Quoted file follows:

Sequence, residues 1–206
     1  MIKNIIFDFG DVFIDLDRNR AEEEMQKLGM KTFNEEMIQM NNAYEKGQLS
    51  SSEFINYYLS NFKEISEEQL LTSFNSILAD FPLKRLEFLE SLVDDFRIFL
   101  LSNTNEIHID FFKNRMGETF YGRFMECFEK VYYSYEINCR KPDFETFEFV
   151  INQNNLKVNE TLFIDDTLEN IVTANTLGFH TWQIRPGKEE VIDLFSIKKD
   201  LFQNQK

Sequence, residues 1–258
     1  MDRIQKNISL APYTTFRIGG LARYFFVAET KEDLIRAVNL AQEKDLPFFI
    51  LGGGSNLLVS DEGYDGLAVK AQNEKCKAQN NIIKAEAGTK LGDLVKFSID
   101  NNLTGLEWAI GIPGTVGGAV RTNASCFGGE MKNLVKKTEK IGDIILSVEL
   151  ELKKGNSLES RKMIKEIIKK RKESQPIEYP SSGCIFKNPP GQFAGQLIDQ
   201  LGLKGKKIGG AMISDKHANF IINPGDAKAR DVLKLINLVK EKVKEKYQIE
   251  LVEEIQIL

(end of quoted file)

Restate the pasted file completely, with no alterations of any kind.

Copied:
Sequence, residues 1–206
     1  MIKNIIFDFG DVFIDLDRNR AEEEMQKLGM KTFNEEMIQM NNAYEKGQLS
    51  SSEFINYYLS NFKEISEEQL LTSFNSILAD FPLKRLEFLE SLVDDFRIFL
   101  LSNTNEIHID FFKNRMGETF YGRFMECFEK VYYSYEINCR KPDFETFEFV
   151  INQNNLKVNE TLFIDDTLEN IVTANTLGFH TWQIRPGKEE VIDLFSIKKD
   201  LFQNQK

Sequence, residues 1–258
     1  MDRIQKNISL APYTTFRIGG LARYFFVAET KEDLIRAVNL AQEKDLPFFI
    51  LGGGSNLLVS DEGYDGLAVK AQNEKCKAQN NIIKAEAGTK LGDLVKFSID
   101  NNLTGLEWAI GIPGTVGGAV RTNASCFGGE MKNLVKKTEK IGDIILSVEL
   151  ELKKGNSLES RKMIKEIIKK RKESQPIEYP SSGCIFKNPP GQFAGQLIDQ
   201  LGLKGKKIGG AMISDKHANF IINPGDAKAR DVLKLINLVK EKVKEKYQIE
   251  LVEEIQIL